Find a cultural group — There are many groups on campus that all have a different culture to them and can help continue to foster the new sense of open-mindedness you might have gained from being abroad. Even groups that aren’t necessarily full of exchange students, but a group that is focus on heritage of a different culture can help in decreasing your reverse culture shock!
Use your peers — Your peers that went abroad that is. My friends will honestly probably say they get tired of my abroad stories but the people that don’t are my friends from abroad or my other peers within the Fisher Exchange Program. Use these people and chat about your experiences it can help alleviate the reverse culture shock.
Embrace it — Experience a different culture and way of life is a powerful thing. Don’t look at reverse culture shock negatively instead look at it as a learning experience and help break down some of the stereotypes that exist saying that “American’s are close minded people who think their way is the best”. Use your experience to your advantage!
Katelyn Mistele shares her experience from being a “sightseer” to a “culture seeker” while abroad on the Student Exchange Program in Denmark. She also gives tips on how to be a “culture seeker” and encourage you to be one too!
I officially caught the travel bug when I was abroad last spring on the Students Exchange Program. My home base was Copenhagen, Denmark, but no one would have known that if I didn’t tell them. I was gone every weekend seeing every major sight Europe had to offer and spending my whole bank account. I am so fortunate to have had this experience through Fisher, but now my outlook on travel has changed. I have changed form a “sight seer” to a “culture seeker”.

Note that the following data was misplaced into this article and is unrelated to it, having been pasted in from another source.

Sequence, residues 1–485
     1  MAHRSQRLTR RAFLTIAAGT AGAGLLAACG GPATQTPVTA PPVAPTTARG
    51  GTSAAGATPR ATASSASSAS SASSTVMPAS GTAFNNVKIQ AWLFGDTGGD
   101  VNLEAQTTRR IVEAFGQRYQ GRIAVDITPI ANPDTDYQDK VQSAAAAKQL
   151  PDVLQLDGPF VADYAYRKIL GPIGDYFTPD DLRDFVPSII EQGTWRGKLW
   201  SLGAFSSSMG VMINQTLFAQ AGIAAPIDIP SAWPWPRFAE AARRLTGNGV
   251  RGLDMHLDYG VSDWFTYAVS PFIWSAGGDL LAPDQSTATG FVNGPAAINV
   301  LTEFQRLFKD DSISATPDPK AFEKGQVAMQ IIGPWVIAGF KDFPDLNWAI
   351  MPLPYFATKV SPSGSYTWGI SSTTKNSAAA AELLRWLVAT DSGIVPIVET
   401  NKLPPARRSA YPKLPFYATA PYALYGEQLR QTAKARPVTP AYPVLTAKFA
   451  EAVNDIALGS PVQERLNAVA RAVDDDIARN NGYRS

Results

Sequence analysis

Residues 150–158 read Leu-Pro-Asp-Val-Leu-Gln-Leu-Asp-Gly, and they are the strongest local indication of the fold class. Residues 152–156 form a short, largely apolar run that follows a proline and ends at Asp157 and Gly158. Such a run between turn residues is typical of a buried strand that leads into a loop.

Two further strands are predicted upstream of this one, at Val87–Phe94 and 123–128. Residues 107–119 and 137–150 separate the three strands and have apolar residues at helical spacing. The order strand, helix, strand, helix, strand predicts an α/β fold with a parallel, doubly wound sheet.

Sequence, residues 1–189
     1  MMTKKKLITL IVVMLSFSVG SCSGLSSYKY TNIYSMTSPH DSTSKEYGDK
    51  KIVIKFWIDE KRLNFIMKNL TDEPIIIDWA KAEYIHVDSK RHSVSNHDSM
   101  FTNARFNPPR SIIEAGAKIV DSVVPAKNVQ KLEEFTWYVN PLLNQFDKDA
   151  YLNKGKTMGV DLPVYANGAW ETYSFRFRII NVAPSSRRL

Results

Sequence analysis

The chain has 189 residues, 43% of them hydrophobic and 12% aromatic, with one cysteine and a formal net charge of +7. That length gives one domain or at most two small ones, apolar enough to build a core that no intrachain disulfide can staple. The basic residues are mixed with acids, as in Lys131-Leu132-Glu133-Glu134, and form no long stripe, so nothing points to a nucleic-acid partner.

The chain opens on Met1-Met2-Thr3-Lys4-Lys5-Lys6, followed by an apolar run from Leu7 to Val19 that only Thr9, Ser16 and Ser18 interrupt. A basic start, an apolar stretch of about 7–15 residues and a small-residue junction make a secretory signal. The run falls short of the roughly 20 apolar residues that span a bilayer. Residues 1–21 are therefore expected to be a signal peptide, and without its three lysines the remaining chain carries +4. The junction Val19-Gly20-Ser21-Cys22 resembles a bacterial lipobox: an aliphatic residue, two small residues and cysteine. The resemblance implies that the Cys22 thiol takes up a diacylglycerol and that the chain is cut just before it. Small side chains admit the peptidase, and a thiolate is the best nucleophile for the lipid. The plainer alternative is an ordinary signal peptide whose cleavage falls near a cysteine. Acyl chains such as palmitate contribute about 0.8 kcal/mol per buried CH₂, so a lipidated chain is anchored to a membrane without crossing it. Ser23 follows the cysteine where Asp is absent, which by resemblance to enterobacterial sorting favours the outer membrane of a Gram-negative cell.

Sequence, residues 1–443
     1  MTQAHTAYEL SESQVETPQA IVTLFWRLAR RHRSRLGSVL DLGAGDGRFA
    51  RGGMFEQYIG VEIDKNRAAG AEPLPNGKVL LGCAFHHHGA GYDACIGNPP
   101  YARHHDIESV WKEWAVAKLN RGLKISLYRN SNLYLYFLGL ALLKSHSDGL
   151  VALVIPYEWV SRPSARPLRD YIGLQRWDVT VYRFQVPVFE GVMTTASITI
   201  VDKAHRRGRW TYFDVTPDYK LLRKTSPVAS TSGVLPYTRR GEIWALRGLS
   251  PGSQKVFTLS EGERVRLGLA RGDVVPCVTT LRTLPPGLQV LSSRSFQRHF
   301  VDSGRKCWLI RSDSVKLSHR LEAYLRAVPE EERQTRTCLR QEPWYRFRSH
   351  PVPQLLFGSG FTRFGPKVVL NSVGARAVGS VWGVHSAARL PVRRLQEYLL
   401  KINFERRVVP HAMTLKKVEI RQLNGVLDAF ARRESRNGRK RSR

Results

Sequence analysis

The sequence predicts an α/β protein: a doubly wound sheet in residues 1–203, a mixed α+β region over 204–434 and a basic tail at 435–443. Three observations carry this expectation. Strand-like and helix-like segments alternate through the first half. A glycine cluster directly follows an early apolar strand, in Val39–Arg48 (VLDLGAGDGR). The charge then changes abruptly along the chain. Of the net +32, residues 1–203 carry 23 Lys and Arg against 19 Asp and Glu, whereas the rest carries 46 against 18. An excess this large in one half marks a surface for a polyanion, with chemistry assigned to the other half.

When I arrived in Europe I was in awe. I have never been to Europe before and my only abroad experience was my family trips growing up to the Caribbean or Mexico. I was lucky enough to arrive two weeks prior to my program and my family and I decided to use that time to travel. We went on one of those excursions with a travel company that took us through the European highlights. We traveled from London to Paris, through Switzerland, and down Italy stopping at every major tourist spot along the way. From someone who has only dreamed about seeing the Eifel Tower or Big Ben this was amazing to see everything in person. From nights of little sleep to days spent on our feet walking from sight to sight and driving from place to place we never really took a second to stop and embrace the culture.
Over the duration of my six months in Europe I traveled to 19 different countries and over 30 cities. There’s not many things I didn’t check off my to do list, but at the end of the day all I can say is that I saw the sights. I never actually truly experienced the culture. Did I regret traveling how I did? Absolutely not! My goal was to see Europe and I definitely did, but from now on I am officially no longer “sight seeing” but instead “culture seeking”.